For most of us, when we say comicbooks people’s thoughts turn to buff men and women in garish tights hitting each other and lobbing trees or cars about, or stark, nihilistic crime, horror or science fiction sagas aimed an extremely mature and sophisticated readership of confirmed fans – and indeed that has been the prolific norm of late. Throughout the years though, other forms and genres have waxed and waned but one that has held its ground over the years – although almost completely migrated to television – is the teen-comedy genre begun by and synonymous with a carrot topped, homely (at first just plain ugly) kid named Archie Andrews.

MLJ were a small publisher who jumped on the “mystery-man” bandwagon following the debut of Superman. In November 1939 they launched Blue Ribbon Comics, promptly following with Top-Notch and Pep Comics. The content was the common blend of funny-book costumed heroes and two-fisted adventure strips, although Pep did make some history with its lead feature The Shield, who was the industry’s first super-hero to be clad in the flag (see America’s 1st Patriotic Hero: The Shield)

After initially profiting from the Fights ‘N’ Tights crowd Maurice Coyne, Louis Silberkleit and John Goldwater (hence MLJ) were quick to spot a gap in their blossoming market. In December 1941 the costumed heroes and two-fisted adventure strips were supplemented by a wholesome ordinary hero, an “average teen” who would have ordinary adventures like the readers, but with the laughs, good times, romance and slapstick emphasised.

Pep Comics #22 introduced a gap-toothed, freckle-faced red-headed goof showing off to the pretty blonde next door. Taking his lead from the popular Andy Hardy matinee movies starring Mickey Rooney, Goldwater developed the concept of a wholesome youthful everyman protagonist, tasking writer Vic Bloom and artist Bob Montana with the job of making it work. It all started with an innocuous six-page tale entitled ‘Archie’ which introduced boy-goofball Archie Andrews and pretty girl-next-door Betty Cooper. Archie’s unconventional best friend and confidante Jughead Jones also debuted in that first story as did the small-town utopia of Riverdale.

The feature was an instant hit and by the winter of 1942 had graduated to its own title. Archie Comics #1 was the company’s first non-anthology magazine and with it began the slow transformation of the entire company. With the introduction of rich, raven-haired Veronica Lodge, all the pieces were in play for the industry’s second Phenomenon (Superman being the first).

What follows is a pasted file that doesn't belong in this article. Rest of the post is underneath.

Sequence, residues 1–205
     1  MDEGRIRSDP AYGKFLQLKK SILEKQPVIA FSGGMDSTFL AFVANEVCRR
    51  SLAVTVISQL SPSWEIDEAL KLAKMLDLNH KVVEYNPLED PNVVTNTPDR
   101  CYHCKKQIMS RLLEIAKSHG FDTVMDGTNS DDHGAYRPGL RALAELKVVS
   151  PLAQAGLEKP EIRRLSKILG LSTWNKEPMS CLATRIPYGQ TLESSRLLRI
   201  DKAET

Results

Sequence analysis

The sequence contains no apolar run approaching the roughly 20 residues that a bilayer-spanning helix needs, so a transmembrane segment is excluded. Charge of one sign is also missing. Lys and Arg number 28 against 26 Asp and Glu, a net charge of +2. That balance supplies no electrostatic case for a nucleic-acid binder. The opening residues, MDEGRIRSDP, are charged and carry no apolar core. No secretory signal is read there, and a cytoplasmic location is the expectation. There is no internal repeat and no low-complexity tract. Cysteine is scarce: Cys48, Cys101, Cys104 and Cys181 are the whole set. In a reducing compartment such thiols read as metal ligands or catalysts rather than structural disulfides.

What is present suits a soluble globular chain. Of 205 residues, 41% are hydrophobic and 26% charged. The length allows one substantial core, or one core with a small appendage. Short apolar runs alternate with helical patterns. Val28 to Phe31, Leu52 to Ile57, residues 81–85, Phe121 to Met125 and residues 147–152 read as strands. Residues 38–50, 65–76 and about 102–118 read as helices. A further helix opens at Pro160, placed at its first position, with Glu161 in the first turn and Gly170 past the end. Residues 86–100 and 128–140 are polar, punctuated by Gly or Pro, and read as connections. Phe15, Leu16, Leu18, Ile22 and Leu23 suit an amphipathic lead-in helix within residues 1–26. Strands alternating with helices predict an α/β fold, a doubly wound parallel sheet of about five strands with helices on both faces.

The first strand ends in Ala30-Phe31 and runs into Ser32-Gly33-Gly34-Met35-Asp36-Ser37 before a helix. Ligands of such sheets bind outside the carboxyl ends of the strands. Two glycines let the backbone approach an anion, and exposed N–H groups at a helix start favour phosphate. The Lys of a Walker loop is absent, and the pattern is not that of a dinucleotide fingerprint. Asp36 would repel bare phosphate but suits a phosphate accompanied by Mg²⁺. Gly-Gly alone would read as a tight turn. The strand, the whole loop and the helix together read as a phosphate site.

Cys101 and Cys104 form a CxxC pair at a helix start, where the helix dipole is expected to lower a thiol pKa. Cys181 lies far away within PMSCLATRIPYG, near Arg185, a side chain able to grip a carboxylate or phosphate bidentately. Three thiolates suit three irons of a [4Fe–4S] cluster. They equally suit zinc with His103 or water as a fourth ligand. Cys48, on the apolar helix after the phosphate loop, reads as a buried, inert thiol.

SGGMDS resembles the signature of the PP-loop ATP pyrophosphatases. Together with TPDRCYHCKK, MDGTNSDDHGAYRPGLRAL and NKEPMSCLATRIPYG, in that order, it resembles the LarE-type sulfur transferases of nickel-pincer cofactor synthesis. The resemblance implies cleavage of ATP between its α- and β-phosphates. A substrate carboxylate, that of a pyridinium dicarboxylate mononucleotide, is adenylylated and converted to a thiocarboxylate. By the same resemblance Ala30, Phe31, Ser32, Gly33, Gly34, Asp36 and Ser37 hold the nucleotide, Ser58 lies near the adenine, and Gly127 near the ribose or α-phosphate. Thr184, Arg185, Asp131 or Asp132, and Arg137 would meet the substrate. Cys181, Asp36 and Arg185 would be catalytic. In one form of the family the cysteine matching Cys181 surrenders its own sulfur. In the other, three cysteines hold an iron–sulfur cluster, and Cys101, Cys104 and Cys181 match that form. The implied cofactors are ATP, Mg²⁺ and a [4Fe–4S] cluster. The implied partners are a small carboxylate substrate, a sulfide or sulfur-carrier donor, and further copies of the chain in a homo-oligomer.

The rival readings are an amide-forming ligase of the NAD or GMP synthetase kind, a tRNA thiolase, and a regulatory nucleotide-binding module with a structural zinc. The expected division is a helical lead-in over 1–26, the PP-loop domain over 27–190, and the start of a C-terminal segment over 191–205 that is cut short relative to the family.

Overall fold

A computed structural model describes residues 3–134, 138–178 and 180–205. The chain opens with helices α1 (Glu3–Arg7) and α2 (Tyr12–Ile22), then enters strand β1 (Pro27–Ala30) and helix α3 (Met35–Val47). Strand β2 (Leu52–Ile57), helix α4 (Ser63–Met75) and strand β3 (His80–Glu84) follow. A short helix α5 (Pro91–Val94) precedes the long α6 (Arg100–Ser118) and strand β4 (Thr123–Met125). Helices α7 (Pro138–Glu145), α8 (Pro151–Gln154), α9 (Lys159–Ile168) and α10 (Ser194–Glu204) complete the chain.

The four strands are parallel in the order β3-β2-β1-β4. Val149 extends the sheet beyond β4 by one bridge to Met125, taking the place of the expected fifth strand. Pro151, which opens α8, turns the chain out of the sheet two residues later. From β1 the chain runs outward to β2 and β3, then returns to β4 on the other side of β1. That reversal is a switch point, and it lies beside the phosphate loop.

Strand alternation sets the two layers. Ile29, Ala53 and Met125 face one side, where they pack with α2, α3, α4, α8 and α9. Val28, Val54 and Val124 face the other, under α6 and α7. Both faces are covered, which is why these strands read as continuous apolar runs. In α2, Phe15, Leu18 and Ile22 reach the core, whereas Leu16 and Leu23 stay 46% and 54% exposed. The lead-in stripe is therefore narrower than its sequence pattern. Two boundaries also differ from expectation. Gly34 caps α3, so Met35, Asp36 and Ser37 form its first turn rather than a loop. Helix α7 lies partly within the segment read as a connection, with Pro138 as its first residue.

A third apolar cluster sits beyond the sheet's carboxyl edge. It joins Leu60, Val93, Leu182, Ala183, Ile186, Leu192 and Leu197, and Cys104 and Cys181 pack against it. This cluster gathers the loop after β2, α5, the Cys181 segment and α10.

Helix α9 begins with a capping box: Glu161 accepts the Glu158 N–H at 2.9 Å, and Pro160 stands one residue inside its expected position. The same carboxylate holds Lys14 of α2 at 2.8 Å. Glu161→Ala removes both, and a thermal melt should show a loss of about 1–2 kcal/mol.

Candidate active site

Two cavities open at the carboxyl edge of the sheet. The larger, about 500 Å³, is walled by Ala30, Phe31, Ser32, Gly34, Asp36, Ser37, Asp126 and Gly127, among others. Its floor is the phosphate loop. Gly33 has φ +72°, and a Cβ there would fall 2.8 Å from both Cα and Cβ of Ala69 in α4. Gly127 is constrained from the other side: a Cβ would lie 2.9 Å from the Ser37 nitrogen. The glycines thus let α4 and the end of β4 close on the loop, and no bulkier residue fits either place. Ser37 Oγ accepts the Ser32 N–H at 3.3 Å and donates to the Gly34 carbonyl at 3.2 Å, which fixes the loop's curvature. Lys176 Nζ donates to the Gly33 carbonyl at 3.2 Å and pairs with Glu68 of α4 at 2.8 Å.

By May 1946 the kids had taken over, so the company renamed itself Archie Comics, retiring its heroic characters years before the end of the Golden Age and becoming to all intents and purposes a publisher of family comedies. Its success, like the Man of Steel’s, changed the content of every other publisher’s titles, and led to a multi-media industry including TV, movies, pop-songs and even a chain of restaurants.

Those costumed cut-ups have returned on occasion (see High Camp Superheroes), but the company now seems content to simply license them to DC whilst they concentrate on what they do uniquely best.

Archie is a well-meaning boy but lacks common sense. Betty is the pretty, sensible girl next door, with all that entails, and she loves Archie. Veronica is rich, exotic and glamorous; she only settles for our boy if there’s nobody better around. She might actually love him, though. Archie, typically, can’t decide who or what he wants…

This family-friendly eternal triangle has been the basis of nearly seventy years of charming, raucous, gentle, frenetic, chiding and even heart-rending comedy encompassing everything from surreal wit to frantic slapstick, as the kids and an increasing cast of friends grew into an American institution. So pervasive is the imagery that it’s a part of Americana itself. Adapting seamlessly to every trend and fad of the growing youth culture, the battalion of writers and artists who’ve crafted the stories over the decades have made the “everyteen” characters of mythical Riverdale a benchmark for youth and a visual barometer of growing up.

Archie’s unconventional best friend Jughead Jones is Mercutio to Archie’s Romeo, providing rationality and a reader’s voice, as well as being a powerful catalyst of events in his own right. That charming triangle (+ one) has the foundation of decades of comics magic. Moreover the concept is eternally self-renewing…